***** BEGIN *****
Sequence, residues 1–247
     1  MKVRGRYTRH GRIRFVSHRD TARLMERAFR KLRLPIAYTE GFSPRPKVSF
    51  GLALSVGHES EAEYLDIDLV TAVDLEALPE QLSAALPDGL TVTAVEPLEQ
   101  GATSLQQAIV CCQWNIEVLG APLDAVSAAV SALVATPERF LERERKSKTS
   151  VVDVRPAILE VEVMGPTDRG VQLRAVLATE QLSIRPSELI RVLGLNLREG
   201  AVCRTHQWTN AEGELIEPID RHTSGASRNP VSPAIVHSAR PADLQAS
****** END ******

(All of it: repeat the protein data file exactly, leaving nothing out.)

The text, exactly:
Sequence, residues 1–247
     1  MKVRGRYTRH GRIRFVSHRD TARLMERAFR KLRLPIAYTE GFSPRPKVSF
    51  GLALSVGHES EAEYLDIDLV TAVDLEALPE QLSAALPDGL TVTAVEPLEQ
   101  GATSLQQAIV CCQWNIEVLG APLDAVSAAV SALVATPERF LERERKSKTS
   151  VVDVRPAILE VEVMGPTDRG VQLRAVLATE QLSIRPSELI RVLGLNLREG
   201  AVCRTHQWTN AEGELIEPID RHTSGASRNP VSPAIVHSAR PADLQAS